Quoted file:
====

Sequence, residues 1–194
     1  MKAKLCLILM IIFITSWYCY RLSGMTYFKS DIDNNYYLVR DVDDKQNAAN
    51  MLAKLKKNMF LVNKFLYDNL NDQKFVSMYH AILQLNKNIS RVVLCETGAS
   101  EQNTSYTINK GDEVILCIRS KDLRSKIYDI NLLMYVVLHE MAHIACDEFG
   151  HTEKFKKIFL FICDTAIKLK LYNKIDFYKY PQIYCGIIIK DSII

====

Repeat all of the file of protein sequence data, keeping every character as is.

Sequence, residues 1–194
     1  MKAKLCLILM IIFITSWYCY RLSGMTYFKS DIDNNYYLVR DVDDKQNAAN
    51  MLAKLKKNMF LVNKFLYDNL NDQKFVSMYH AILQLNKNIS RVVLCETGAS
   101  EQNTSYTINK GDEVILCIRS KDLRSKIYDI NLLMYVVLHE MAHIACDEFG
   151  HTEKFKKIFL FICDTAIKLK LYNKIDFYKY PQIYCGIIIK DSII